The kids had a whale of a time with the swords and no one was hurt at all at the party. Paul was somewhat picked on, but he's a big boy and at 32 I think he could handle it. I love the picture of him on the phone trying to give one of our mates directions to the park we were at, whilst fending off a hoard of pirate mermaid superheros!

Oct 17, 2008

Homemade non violent piniata

Piniatas are very popular at birthday parties around here and my oldest daughter was keen to have one at her party, but based on past experience, when you have multiple kids and only one wiffle bat and piniata it's hard to keep everyone unmaimed.

I had a look for a pirate/mermaid/superhero themed pull string piniata at our local store, but all the ones with the right theme were the beat the living hell out of it variety, so I made one the night before the party instead.

There was no time for papier mache nonsense, so the body of the treasure chest was made from turning a big big multibag cereal box inside out. Then I attached another bit of cardboard to form the curved lid. The pull string mechanism was cobbled together from a polystyrene plate and the plastic lid of a coffee cup. You can kind of see from the pictures how it's put together.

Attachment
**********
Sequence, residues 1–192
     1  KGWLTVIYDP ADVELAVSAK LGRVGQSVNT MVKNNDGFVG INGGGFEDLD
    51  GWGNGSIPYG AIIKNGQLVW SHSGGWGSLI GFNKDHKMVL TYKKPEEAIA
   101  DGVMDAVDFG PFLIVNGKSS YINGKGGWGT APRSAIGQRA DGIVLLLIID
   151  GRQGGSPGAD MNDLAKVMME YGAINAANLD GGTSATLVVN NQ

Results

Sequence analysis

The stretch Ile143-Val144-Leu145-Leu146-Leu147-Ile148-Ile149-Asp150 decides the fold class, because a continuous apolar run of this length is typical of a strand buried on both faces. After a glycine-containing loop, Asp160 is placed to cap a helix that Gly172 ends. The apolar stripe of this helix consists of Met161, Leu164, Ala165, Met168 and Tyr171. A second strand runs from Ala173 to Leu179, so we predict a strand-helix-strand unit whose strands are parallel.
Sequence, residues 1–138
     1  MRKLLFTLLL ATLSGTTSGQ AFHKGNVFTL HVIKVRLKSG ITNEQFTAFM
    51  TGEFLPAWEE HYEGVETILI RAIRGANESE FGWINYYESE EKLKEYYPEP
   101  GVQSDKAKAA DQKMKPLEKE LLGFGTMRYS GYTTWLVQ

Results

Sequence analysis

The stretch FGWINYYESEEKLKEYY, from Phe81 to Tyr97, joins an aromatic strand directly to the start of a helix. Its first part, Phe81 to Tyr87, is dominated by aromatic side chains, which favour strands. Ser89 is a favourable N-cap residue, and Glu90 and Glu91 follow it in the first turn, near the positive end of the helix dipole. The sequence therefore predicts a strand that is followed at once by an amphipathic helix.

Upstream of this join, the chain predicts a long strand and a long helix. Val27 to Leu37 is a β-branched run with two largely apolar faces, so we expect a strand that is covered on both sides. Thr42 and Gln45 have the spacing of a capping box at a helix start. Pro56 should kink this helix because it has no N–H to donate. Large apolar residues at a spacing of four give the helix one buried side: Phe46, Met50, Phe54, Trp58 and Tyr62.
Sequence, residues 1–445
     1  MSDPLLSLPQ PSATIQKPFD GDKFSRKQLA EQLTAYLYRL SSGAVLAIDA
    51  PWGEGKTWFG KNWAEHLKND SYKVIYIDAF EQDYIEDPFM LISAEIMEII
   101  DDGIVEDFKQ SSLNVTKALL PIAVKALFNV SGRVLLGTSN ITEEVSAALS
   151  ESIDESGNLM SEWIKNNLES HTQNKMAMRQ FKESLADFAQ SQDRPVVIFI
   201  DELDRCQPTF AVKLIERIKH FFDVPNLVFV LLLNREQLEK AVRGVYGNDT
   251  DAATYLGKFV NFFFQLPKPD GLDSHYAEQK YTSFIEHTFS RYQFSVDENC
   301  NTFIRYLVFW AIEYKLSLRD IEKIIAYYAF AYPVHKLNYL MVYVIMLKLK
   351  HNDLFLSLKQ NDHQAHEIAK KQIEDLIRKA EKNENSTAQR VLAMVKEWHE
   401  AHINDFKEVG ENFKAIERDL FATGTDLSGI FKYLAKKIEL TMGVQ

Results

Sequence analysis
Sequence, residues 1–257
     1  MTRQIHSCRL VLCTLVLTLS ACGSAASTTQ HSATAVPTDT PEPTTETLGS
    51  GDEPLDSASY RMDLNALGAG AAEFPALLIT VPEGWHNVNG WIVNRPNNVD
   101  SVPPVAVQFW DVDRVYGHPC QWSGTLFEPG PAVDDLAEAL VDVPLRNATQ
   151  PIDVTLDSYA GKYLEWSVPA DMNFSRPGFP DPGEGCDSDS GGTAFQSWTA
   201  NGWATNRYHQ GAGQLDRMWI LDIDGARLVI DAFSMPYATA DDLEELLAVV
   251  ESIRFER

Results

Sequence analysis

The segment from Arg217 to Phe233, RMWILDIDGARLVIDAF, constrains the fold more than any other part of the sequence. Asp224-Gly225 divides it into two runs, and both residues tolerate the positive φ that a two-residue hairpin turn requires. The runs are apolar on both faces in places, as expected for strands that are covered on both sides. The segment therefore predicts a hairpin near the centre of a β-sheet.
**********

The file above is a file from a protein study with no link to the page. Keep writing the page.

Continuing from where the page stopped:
I cut a hole in the plate, big enough that the cup lid would sit in it snugly, then tied the "winning string" onto the spoon hole of the lid, then threaded it around the plate and back through the spoon hole. All the other strings were taped loosly to the outside of the plate and fed through the spoon hole too, so that only the winning string would pull the plate out and leave a big hole in the bottom of the piniata for the presents to fall out of.

Paul and Jessen had the lovely idea on the day of tying the piniata to the top of the slide, so each kid could choose a string, hold onto it and slide down the slide to pull it, then the winning string made all the sweets and toys cascade down the slide too. Lots of fun!

Milk jug bat masks

My blog posts have been a bit higgldy piggldy this month. You see, we made a family trip back to the homeland (UK), but now we're back in the US and have come to terms with the jetlag, so I have gradually been getting my act together to post about some of the things we did for my now four year old's birthday party that we had a couple of days before we left for the UK.

You might remember from a previous post that the chosen theme was "pirate-mermaid-superhero", or as was pointed out by a mate of mine "PMS". Nice.

So, as part of the superhero bit we made a few batman type masks for the kids to wear. I've seen lots of masks made from plastic gallon milk containers about on the web, but it crossed my mind that if I incorporated the sides of the container and folded them up on themselves then they would make nifty bat ears, so after pestering freinds to save thier milk containers for me, I cut out a load with an exacto knife and then sprayed them black with some plastic spray paint. A bit of elastic to hold them on and Voila!